Data breach of surveillance cameras operated by Verkada allowing hackers to access live feeds of schools, aged care facilities and child care centres. Australian operations affected.

March 12, 2021 |

Surveillance cameras, baby cameras and other monitoring devices connected to the internet have been particularly prone to cyber attack.  They are attractive targets, successful hacks result in high profile press coverage and huge embarrassment for both the users and the manufacturers of the device. The motivations are varied.  In 2014 hackers remotely turned on baby cameras and shouted obscenities at parents and their babies. I wrote about the vulnerabilities of these devices in 2016.  In 2019 G Post raised the similar issue with Yes, Your Video Baby Monitor Can Be Hacked. No, You Don’t Have to Stop Using It. 

For all of that forewarning and knowledge of the attractiveness of surveillance cams being target of hacking and the well known vulnerabilities that could be addressed Verkada, a provider of cameras and surveillance equipment has been the subject of a massive data breach.  The ABC reports on this in Hackers say they’ve gained access to surveillance cameras in Australian childcare centres, schools and aged care. The hack compromised approximately 150,000 internet connected surveillance cameras.  Given some of the surveillance cameras employ facial recognition technology the open question is whether the hackers have accessed images of those recorded.

It provides:

A group of hackers claims to have breached a popular surveillance company and gained access to live feeds from thousands of cameras around the world, including Australian childcare centres, schools and aged care residential facilities.

The cameras, sold by Silicon Valley startup Verkada, have the capacity for facial recognition. This includes identifying particular people across multiple timepoints or filtering individuals by gender or colour of their clothes.

The company said in a statement that it had notified law enforcement of the hack.

“Our internal security team and external security firm are investigating the scale and scope of this issue.”

The international collective of hackers say they broke into the company’s system to draw attention to the widespread use of surveillance cameras, and the ease by which outsiders can gain access to these systems.

A spreadsheet provided by one of the hackers to the ABC lists 24,000 organisations around the world using Verkada cameras.

On this list are more than 100 Australian organisations, including one with childcare and early education centres throughout the country.

The list also includes public and private schools, universities, higher education colleges, an aged care provider, a national department store, a chain of duty-free stores, local governments and a state public transport agency.

Prominent “hacktivist” Tillie Kottman, a software engineer based in Switzerland and one of those claiming responsibility for the hack, told the ABC in an online chat that the hackers could have accessed live feeds or archived materials for any Verkada customers on the list, including the Australian organisations.

“I don’t think we accessed any Australian customers,” they said.

The hackers claim to have peered inside women’s health clinics, psychiatric hospitals, prisons, police stations and gyms in the US. They showed some of these videos to a Bloomberg reporter, who broke news of the breach earlier this week.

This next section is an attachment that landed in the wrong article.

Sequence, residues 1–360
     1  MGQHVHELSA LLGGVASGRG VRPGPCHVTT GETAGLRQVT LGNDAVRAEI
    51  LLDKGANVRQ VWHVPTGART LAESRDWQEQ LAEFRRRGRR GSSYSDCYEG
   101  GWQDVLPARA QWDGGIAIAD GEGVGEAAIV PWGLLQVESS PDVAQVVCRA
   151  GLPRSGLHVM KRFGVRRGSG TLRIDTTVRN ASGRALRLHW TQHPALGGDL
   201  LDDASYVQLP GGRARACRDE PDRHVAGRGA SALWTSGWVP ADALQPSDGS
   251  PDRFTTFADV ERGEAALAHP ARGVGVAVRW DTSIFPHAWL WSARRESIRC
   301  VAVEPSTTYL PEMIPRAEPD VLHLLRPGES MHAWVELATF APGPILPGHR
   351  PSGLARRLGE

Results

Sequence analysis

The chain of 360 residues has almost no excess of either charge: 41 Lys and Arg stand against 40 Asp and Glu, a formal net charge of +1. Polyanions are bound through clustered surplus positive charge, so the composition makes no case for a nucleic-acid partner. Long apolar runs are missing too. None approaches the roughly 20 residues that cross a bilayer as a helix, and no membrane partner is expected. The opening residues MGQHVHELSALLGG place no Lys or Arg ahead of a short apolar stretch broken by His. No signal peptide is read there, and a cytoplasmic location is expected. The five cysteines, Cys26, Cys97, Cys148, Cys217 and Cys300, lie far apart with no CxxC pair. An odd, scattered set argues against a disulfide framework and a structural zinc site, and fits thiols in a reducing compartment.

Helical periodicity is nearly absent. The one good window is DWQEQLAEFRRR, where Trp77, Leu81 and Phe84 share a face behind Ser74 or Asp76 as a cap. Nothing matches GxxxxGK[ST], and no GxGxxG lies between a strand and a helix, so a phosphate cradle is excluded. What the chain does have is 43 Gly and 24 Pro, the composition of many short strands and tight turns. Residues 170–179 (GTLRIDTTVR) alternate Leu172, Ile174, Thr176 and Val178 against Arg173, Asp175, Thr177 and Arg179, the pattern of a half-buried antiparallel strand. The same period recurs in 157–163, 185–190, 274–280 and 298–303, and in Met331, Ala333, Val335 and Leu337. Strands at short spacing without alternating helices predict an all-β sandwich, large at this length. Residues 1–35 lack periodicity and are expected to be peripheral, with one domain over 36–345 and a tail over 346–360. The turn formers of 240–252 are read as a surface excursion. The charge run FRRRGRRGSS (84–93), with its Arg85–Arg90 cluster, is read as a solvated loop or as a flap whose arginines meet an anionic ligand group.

A handful of screenshots from hacked Verkada live feeds are circulating online.

“We archived a small number of things which we are solely handing out to the press,” Tillie Kottman said.

The hackers say it was easy to hack Verkada. They claim they simply found a username and password for an administrator account publicly exposed on the internet. This gave them “super-admin” access to 150,000 cameras around the world.

They say they gained access to the cameras around midnight (AEDT) on Monday and had access revoked before Wednesday morning.

Verkada confirmed it had revoked administrator access to the cameras.

Hacked cameras have facial recognition ability

According to the Verkada website, all of the company’s cameras have facial recognition as a basic function, although customers may not necessarily choose to use this feature.

From the spreadsheet, it’s not clear if any Australian customers are using facial recognition.

The spreadsheet also doesn’t say how many cameras each organisation has, nor how and where they deploy these cameras.

Verkada promotional materials claim all its cameras have the ability “to detect people and faces, and filter results based on clothing colour, apparent sex, and the presence of backpacks”.

A companion web app available to Verkada customers can be used to search through archived footage for a specific person.

Tillie Kottman told Bloomberg the Verkada hack exposes “how broadly we’re being surveilled and how little care is put into at least securing the platforms used to do so.

Founded in 2016, Verkada is valued at $US1.6 billion.

Canberra-based cyber security researcher Robert Potter said the hack was typical of attacks against internet startups that have enjoyed rapid growth, but failed to scale their cyber defences.

“We’ve seen this with Clubhouse, Tik Tok, Zoom — these companies grow really fast and go really well until things go wrong,” he said.

He added the hack also showed the privacy risks associated with installing internet-linked surveillance cameras in schools and other places.

“These cameras are in a lot of things which means there’s value in hacking them.”

Verkada has been in the news before.

The company fired three employees last October after reports surfaced that workers had used its cameras to harass co-workers, including making sexually explicit jokes about female colleagues.

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